Hip-hop is life: The Vietnamese rappers pushing cultural boundaries

By Rebecca Jones   May 6, 2017 | 09:00 am PT
Young artists in Ho Chi Minh City are venting their raw emotions and showing off their raw talent on the mic.

Stepping inside one of Saigon’s underground nightspots one hot and sticky Friday night I find a huddle of young Vietnamese men all jostling for space in a tightly packed, coven-like circle in front of the DJ booth.

Kitted out in baggy t-shirts, hoodies and jeans, baseball caps and bandanas, they pass the microphone around, taking it in turns to rhyme in rapid fire to a whooping and hollering crowd:


“Họ bỏ đi, không quan tâm lời ta đang nói / Không thích giáo lý, nhưng thích lời gian dối."

"People come and go, and don't really care about what we're trying to say / They don't like to be lectured, but they want to hear the flattery."

This is Kaza, a 22-year-old Saigon rapper who is part of the Infamous crew.

“I started rapping at school. I was angry," he tells me.

Like many artists in Vietnam, Kaza doesn't always have the artistic freedom he wants. But as his rhyme hints, he does take his frustration to the mic. “I want to talk about how unfair life here is for some people. About how they don’t get listened to.”

Emcee K, another well-known Saigon rapper, echoes Kaza’s sentiments. On his upcoming debut album with an explicit title, "Love Sh*t", K says he wanted to talk about “the streets".

“I wanted to say that life ain't about love all the time. Like when homies lie and backstab each other to get through the day. Injustice in society when the killer doesn't go to jail and the civilian who tries to protect their rights gets put in jail.”

LC King is another hot young talent. Like many Saigon rap stars he started as a break-dancer, or a b-boy, back in 2007, and has evolved into a rapper and producer, recently joining a new crew in Saigon, Pretty OG.

“Hip-hop saved my life,” says King. “I write every day in the morning before I go to work and I’m always thinking of new rhymes. It helps me talk about things and connect with my friends.”

Kaza, K and King are all regulars at the freestyle hip-hop night I walked in on: "Saigon Cypher," founded and organized by British DJ Steve Hill and German graffiti artist Luki. The pair started Saigon Cypher just 18 months ago, but it’s now one of the most popular hip-hop events in Ho Chi Minh City.

"We work hard to get young kids to come and rap. Some of them have never rapped outside their bedrooms before. It's cool to see," Steve says.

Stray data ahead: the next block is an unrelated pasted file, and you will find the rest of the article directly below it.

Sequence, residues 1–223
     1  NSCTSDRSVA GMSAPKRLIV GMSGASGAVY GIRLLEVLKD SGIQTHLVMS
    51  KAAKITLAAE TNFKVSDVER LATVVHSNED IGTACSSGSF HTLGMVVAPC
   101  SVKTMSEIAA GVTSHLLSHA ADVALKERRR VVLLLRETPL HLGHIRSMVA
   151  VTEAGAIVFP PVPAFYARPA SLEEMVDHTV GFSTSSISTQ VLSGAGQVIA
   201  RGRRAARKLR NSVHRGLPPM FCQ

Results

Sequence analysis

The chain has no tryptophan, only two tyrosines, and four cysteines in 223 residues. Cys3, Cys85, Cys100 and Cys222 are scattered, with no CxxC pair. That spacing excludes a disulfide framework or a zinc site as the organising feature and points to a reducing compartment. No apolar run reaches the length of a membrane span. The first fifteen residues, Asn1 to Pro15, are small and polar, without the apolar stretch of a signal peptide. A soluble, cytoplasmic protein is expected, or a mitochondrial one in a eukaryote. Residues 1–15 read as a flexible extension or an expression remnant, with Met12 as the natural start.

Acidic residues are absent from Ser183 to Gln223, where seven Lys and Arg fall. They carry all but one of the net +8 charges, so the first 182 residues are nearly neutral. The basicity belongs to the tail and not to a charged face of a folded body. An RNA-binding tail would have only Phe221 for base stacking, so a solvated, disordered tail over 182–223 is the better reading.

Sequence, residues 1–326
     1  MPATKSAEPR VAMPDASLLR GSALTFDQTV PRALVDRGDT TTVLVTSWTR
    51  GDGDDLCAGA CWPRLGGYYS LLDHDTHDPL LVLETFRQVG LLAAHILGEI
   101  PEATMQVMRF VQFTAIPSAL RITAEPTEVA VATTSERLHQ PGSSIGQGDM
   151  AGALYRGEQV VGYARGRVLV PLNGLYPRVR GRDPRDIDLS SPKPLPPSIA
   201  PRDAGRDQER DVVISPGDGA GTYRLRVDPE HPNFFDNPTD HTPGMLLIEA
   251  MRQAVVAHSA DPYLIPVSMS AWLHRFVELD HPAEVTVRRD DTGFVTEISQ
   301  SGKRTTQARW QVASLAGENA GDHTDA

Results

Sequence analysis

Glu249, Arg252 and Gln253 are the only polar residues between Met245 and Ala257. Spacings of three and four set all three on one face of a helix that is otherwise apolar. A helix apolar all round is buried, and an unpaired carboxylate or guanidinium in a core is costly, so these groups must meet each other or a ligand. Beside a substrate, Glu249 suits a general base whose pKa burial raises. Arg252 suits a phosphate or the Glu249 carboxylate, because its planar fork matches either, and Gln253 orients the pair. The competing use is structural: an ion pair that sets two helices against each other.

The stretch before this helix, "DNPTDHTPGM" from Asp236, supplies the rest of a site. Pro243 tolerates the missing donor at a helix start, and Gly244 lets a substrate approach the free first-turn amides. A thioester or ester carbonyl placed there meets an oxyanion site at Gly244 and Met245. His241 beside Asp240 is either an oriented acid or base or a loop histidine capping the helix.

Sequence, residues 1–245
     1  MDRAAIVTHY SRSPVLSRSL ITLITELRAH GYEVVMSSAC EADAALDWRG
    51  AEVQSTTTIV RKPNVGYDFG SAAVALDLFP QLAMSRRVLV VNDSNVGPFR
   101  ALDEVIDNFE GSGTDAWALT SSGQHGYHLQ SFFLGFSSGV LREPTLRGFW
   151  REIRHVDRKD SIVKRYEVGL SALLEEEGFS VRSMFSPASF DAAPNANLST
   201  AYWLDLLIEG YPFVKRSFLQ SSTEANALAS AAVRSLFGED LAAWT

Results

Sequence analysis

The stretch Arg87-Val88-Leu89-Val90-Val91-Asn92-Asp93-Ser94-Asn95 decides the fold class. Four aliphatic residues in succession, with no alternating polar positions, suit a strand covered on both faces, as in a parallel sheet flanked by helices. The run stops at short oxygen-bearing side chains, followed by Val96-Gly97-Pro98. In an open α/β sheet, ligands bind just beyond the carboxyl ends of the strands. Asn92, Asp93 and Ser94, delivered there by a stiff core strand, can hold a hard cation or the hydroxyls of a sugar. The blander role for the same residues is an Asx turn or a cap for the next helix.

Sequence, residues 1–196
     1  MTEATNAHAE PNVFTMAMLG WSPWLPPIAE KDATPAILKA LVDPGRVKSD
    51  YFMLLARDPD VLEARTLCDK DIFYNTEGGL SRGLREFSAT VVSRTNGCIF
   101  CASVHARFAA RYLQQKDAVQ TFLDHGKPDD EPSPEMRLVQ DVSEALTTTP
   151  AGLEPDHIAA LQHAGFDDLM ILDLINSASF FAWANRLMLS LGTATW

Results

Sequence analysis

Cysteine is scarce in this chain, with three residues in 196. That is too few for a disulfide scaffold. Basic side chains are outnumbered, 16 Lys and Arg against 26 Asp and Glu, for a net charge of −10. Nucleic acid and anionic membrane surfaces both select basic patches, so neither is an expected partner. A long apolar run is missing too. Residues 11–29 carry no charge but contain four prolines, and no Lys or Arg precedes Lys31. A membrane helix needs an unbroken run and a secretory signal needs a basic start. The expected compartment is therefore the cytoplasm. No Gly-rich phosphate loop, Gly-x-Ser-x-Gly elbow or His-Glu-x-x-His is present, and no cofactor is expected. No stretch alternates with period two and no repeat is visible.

LC King as Pretty OG's chief rapper. Photo courtesy of Pretty OG

Short shelf life

Steve adds that it can be a challenge to get Vietnamese rappers along to the events, as often they have to rap around full time jobs and can’t stay beyond 10 or 11 p.m.

Both King and Kaza tell me that Vietnamese rappers also have a short shelf life.

"Most rappers here aren’t over 25 because that’s when you have to get married and start a family,” says Kaza.

At just 22, Kaza is already dreading the end of his nascent hip-hop career, which is exploding with requests to perform solo in local venues as well as at these organized events.

“Hip-hop is my life. I never dreamed I’d achieve so much and I don't know what I'll do when I can't rap anymore. But that's how it is here. You have to work, you have to get married, you have to stop.”

King agrees, adding that this is a pressure he often has to face. And at 27, he is pushing the boundary.

His first event with Pretty OG – consisting of Tiger, Rodney, King, Phutoro, DJ Swing Master Jay, DJ Arsan and U.S. rapper Prince – was held at late night hot spot Piu Piu and was packed by both young Vietnamese and foreigners until well past 2 a.m., underlining a rebellious youth culture that is usually the first sign of a society in transformation.

Making sacrifices

One of the newest crews on the scene, 95 Generation, is further testing cultural limits.

Hieu, a.k.a Mojo, An (AK), Long (SMO) and Loi (Thoc), are four of this 10-strong group of 21-year-olds that also includes rappers Khoa Wzzzy and Lil Wuyn and producer NVM. Rather than live at home with their parents as most people their age do, they all live together in a home-cum-studio.

Instead of working long hours in traditional jobs, the group finds more creative ways to fund themselves that allow them to dedicate more time to their music.


95 Generation, one of the newest crews in Saigon's young hip-hop scene. Photo courtesy of 95 Generation

“You have to teach yourself music in Vietnam and practice, practice, practice every day. That’s why a lot of music here isn’t good quality. We want to make high quality music – that’s what we want to do differently,” says Hieu.

Founded just two years ago by Hieu and Long, 95 Generation already has a large following on YouTube. The crew also has big ambitions: “We want to build an entertainment company; we want to show the next generation that they have to make sacrifices and make music from their hearts."

This crew has no plans to stop making music in order to settle down.

Life for young people in Vietnam is changing; old expectations are giving way to new ambitions and the fledgling hip-hop scene is one of the areas these frustrations are being aired loudly.

“We are only at the first step of hip-hop in Vietnam,” says Hieu. “We have a long way to go before we catch up with the U.S.”

It’s an exciting time for young Vietnamese rappers – but progress won’t come without challenges.

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